17 Feb 2011

Vampire squid banks sucking our economy dry

Earlier this week I linked to a good new very short film re the banks - well here is another below. We’re told that bank profits are essential to the UK economy. But are they? To find out nef asked whether big banks were benefitting from hidden subsidies, in addition to the unprecedented public support for the financial sector over the past three years.

I've sent a copy to Neil Carmichael and asked him to sign Early Day Motion 1141 put forward by Caroline Lucas on the reform of the banking system calls for radical change in the banking sector. From the limited information available, nef analysts were able to identify a range of hidden subsidies that dwarf the Treasury’s bank levy, and the £300 million put aside for the ‘Big Society’ bank. In fact, the public is supporting the banks to the tune of at least £32 billion a year, outstripping Cameron’s ‘Big Society’ bank by a factor of 100:1.

"A great vampire squid, wrapped around the face of humanity, relentlessly jamming its blood funnell into anything that smells like money." That was how journalist Matt Taibbi described Goldman Sachs in a Rolling Stone exposé from 2008.

See the nef report here. Here in the UK, the banks are preparing for another round of staggering bonuses - an issue I've already covered here. The banks claim that these payouts are necessary for attracting the best staff. Interestingly the evidence suggests otherwise. Psychologists at MIT found that when students were set a task that required even the most basic cognitive skill, a larger reward actually reduced performance - see a short film here on that. And there's living proof that bonuses aren't necessary for success. A major Swedish Bank, Svenska Handelsbanken, with over 80 branches in the UK, doesn't pay any bonuses at all.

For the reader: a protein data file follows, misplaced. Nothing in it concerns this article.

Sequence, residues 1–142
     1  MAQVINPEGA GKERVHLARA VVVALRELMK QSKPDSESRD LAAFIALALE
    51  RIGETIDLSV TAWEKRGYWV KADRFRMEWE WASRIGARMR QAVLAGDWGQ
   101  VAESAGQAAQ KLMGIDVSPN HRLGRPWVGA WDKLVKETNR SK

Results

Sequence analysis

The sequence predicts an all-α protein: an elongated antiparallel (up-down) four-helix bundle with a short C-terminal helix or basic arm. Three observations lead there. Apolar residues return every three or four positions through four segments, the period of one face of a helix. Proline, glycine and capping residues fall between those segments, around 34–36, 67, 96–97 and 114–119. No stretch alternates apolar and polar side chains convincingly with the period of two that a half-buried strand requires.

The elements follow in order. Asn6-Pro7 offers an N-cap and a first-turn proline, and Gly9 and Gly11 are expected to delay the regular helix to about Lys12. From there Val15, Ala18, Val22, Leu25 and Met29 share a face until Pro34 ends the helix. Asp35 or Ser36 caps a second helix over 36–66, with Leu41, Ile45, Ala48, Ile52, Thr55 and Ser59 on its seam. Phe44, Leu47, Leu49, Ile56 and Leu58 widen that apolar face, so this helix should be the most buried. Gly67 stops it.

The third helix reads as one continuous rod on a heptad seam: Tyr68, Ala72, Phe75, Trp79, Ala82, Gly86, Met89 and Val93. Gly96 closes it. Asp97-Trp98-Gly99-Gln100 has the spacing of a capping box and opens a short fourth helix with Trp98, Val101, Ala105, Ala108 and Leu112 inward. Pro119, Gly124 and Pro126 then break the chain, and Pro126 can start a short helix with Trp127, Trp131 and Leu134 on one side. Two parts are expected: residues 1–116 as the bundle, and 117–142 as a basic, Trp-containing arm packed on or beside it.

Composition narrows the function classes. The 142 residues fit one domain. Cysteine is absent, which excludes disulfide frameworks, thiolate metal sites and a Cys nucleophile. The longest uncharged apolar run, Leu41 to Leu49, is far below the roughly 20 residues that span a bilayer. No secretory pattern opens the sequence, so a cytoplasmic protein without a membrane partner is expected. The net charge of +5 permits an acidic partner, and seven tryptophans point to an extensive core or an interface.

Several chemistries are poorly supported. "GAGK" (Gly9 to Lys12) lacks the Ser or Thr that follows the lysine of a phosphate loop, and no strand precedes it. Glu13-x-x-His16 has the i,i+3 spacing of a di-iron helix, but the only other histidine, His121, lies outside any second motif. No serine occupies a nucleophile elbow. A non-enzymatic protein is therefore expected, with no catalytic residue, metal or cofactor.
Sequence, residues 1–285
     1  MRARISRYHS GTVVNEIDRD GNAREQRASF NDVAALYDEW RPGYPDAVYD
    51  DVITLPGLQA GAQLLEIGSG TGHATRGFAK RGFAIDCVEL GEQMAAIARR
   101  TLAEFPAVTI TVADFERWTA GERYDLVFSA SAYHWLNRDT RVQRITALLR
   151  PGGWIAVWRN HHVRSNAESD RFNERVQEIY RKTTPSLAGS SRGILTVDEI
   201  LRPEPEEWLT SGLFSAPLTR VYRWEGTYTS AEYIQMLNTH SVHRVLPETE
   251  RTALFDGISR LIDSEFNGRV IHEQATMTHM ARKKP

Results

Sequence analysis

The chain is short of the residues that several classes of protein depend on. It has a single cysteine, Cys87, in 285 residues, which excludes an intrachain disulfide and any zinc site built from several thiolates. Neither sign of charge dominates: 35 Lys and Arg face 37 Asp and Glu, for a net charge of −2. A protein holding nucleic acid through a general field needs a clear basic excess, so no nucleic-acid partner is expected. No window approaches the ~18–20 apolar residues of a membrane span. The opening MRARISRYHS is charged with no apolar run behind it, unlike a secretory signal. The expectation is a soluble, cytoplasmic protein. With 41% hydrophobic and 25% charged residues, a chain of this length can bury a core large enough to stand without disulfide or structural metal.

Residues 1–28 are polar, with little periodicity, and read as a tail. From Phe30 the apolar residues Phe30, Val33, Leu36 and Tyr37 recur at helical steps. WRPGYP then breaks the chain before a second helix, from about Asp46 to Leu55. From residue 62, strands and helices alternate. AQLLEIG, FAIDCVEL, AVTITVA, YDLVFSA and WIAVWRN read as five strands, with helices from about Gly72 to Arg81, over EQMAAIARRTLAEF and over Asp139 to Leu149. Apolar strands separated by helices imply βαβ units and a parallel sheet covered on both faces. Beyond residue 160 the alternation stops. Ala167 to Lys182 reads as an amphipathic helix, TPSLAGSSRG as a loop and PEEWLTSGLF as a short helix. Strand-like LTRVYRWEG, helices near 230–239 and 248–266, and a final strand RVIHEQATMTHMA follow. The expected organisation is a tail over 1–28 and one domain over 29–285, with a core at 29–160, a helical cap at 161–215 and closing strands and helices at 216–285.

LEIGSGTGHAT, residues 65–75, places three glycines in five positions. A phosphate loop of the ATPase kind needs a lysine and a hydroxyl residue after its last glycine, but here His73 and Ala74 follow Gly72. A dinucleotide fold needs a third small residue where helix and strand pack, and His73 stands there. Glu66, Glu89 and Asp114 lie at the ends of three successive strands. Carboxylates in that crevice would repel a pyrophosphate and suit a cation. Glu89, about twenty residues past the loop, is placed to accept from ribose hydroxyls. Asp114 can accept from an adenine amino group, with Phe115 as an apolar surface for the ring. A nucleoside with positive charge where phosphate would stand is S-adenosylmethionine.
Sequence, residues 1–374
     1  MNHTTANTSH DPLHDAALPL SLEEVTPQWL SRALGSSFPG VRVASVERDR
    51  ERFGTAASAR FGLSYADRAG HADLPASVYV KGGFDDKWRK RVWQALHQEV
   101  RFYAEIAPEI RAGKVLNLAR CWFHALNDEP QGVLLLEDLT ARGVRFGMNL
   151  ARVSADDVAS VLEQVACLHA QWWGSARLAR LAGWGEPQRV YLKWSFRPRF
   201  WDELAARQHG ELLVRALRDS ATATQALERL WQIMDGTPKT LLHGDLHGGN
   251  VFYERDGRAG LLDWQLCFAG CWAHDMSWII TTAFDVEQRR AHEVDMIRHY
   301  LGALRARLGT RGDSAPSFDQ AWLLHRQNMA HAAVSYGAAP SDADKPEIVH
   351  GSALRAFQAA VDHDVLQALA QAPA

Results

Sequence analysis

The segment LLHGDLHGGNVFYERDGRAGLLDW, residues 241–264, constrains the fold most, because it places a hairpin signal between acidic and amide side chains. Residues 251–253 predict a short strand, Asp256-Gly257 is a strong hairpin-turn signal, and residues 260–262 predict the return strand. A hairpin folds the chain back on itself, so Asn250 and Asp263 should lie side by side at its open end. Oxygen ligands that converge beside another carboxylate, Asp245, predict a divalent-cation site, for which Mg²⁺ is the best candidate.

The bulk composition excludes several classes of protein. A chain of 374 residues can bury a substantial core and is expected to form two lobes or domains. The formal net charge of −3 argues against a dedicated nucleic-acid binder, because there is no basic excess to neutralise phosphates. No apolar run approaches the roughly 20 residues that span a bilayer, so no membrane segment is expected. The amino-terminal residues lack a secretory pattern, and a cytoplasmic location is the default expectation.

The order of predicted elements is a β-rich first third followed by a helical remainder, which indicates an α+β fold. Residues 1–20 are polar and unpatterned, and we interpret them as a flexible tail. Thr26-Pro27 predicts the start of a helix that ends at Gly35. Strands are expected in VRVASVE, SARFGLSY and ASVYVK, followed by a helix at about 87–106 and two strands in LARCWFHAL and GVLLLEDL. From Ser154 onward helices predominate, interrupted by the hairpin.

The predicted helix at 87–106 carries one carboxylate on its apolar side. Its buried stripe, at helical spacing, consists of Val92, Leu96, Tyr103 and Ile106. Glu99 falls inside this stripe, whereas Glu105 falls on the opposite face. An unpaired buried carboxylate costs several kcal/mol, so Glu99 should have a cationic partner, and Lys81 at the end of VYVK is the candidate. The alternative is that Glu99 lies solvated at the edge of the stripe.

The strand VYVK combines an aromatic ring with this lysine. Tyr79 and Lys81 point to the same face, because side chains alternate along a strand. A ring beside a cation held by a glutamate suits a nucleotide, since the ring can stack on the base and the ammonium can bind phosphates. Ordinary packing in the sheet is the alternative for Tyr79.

So what to do with your money?

Here is what nef says: "We don't have to keep our money in the coffers of the big banks. In the USA, the Move Your Money campaign, launched by the influential online news source the Huffington Post, has inspired Americans to move all or some of their money into accounts with alternative institutions. Here in the UK, the banking sector isn't nearly as diverse as in the States, but there are still good alternatives. Check out Triodos, the Co-operative, the Ecology Building Society, the credit unions, National Savings through the Post Office, and the exciting new territory of person-to-person lending at Zopa."


Philip Booth said...

Hundreds of protesters are expected to occupy banks around the country amid signs the direct action movement that has shut more than 100 high street stores in the UK is spreading to the US. Activists from UK Uncut, a campaign group set up five months ago to oppose government cuts and corporate tax avoidance, will stage their first national day of action against the banks on Saturday with protesters expected to bring more than 30 high street branches of Barclays to a standstill.

Philip Booth said...

Bailed out (84% publicly-owned) Royal Bank of Scotland (RBS) reported losses of £1.1bn for 2010, but will still pay bonuses to its staff of £950m, down on £1.3bn last year when it made an even higher loss of £3.6bn.